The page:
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Lord Shelburne

(1737—1805)


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(1737–1805).

Shelburne was intelligent and able, but deemed untrustworthy by most contemporaries. He entered the army in 1757, became an MP in 1760, and went to the Lords in 1761. Initially a follower of Bute, he shifted his allegiance to the elder Pitt (later earl of Chatham) and served under him, from 1766, as southern secretary. Shelburne was frequently at odds with his colleagues and after a disagreement over foreign policy with the de facto premier, Grafton, was marked for dismissal. From his sick‐bed, Chatham misread the situation and, believing Shelburne to have been removed, resigned. The net result was the departure of Shelburne and Chatham. After Chatham's death in 1778, Shelburne was the leader of the Chathamites and consequently mistrusted by the Rockinghamites, who referred to him as Malagrida, an infamous Jesuit schemer. After the fall of Northin 1782, George III played off Shelburne against the Rockinghamites. As home secretary (March–July 1782), he was at variance with the foreign secretary, Charles Fox, over the peace negotiations, which involved both their departments. Rockingham's death in July 1782 precipitated a cabinet crisis, with the king insisting on Shelburne's succession to the premiership. Fox resigned and then coalesced with the Northites to force Shelburne's resignation in February 1783. Although created marquis of Lansdowne in 1784, Shelburne never regained high office.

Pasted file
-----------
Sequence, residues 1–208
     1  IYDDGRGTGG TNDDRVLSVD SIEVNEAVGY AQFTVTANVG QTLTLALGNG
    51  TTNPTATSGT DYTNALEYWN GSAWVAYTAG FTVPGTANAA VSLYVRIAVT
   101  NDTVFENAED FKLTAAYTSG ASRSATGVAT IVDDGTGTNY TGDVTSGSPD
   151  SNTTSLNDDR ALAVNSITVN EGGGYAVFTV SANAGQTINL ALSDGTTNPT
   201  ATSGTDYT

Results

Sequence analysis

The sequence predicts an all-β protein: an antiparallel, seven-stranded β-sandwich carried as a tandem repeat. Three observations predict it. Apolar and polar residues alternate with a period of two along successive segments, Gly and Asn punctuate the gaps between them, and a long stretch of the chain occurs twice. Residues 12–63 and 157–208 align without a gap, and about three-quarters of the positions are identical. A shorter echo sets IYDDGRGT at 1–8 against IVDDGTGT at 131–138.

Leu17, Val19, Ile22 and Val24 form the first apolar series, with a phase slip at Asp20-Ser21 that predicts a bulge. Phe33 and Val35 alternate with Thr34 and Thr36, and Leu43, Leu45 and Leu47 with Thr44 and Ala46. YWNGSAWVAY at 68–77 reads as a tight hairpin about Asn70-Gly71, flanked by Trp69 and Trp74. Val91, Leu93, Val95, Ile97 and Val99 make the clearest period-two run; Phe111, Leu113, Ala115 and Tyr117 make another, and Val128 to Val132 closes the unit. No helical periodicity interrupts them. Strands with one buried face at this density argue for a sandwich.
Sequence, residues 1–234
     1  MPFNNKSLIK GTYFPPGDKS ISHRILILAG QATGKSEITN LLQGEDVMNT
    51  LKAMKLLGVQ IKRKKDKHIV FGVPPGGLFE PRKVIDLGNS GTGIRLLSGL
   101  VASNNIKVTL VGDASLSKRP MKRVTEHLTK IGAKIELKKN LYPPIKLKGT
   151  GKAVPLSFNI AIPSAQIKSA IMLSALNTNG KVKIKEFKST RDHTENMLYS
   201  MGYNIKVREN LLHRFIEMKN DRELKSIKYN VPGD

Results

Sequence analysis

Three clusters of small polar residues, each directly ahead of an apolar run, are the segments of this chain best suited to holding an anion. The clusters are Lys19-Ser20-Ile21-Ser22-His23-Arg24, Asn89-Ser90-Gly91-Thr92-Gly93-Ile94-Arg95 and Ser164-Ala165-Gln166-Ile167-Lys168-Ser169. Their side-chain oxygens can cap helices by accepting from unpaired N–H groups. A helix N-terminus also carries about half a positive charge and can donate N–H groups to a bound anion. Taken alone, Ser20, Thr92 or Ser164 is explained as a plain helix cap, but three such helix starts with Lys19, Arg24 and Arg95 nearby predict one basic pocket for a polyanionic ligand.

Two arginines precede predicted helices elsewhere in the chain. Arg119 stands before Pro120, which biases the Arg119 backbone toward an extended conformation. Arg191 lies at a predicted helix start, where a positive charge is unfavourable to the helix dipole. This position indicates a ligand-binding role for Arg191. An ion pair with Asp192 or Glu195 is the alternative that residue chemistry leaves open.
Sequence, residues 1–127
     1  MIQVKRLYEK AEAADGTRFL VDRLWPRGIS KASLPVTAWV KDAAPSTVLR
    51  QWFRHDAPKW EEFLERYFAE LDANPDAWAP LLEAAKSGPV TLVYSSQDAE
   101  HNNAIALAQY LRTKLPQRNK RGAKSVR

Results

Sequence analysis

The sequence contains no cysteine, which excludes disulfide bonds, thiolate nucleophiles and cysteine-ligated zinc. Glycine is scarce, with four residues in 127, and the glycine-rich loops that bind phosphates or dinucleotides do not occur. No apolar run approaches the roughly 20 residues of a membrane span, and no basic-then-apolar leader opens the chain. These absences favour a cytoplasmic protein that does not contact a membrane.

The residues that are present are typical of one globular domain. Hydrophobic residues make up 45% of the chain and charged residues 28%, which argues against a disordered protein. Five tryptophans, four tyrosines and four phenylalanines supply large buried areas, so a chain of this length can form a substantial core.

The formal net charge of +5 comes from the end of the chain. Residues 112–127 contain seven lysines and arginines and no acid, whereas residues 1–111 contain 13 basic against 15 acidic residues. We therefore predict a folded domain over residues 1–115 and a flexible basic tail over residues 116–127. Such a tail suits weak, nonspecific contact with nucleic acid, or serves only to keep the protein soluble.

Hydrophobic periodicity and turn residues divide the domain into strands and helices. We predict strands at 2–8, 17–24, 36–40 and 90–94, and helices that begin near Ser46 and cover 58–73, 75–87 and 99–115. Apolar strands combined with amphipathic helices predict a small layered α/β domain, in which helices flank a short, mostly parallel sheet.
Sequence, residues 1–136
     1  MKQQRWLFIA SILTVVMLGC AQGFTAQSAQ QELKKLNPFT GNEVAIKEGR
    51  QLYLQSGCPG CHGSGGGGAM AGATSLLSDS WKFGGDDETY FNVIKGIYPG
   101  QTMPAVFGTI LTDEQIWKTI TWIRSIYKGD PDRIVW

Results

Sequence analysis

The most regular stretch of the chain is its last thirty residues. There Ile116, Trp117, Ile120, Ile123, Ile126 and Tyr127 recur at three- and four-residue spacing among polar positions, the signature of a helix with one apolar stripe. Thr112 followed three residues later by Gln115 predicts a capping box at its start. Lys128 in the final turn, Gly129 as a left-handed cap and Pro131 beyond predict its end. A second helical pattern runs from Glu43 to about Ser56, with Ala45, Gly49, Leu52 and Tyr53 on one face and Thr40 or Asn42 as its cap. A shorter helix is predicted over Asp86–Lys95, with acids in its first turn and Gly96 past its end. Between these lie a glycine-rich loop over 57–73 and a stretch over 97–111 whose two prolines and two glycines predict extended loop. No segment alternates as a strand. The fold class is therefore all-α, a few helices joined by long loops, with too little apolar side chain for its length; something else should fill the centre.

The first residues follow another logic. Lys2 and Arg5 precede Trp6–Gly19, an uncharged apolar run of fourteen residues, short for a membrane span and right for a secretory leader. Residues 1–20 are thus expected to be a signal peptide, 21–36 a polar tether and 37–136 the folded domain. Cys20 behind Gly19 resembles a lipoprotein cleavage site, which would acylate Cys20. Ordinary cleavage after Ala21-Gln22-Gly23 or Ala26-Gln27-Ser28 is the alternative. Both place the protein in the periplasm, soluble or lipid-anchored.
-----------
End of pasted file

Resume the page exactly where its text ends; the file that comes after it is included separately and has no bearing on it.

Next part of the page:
Subjects: British History.


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